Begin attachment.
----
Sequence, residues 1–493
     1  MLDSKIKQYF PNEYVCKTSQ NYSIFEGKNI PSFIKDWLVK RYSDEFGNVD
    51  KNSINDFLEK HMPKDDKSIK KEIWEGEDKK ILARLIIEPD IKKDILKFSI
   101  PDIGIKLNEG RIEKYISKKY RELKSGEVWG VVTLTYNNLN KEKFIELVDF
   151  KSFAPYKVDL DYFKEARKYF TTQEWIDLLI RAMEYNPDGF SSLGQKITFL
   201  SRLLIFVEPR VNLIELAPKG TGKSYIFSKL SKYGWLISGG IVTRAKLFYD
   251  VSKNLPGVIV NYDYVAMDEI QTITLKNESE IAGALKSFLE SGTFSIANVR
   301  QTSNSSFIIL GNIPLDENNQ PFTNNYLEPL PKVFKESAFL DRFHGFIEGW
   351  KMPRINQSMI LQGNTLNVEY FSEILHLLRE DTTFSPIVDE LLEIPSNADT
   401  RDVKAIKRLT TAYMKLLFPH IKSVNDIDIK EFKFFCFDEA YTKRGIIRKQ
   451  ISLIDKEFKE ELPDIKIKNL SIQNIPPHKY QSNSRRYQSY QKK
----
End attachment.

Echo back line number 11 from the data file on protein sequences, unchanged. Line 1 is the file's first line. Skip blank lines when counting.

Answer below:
   451  ISLIDKEFKE ELPDIKIKNL SIQNIPPHKY QSNSRRYQSY QKK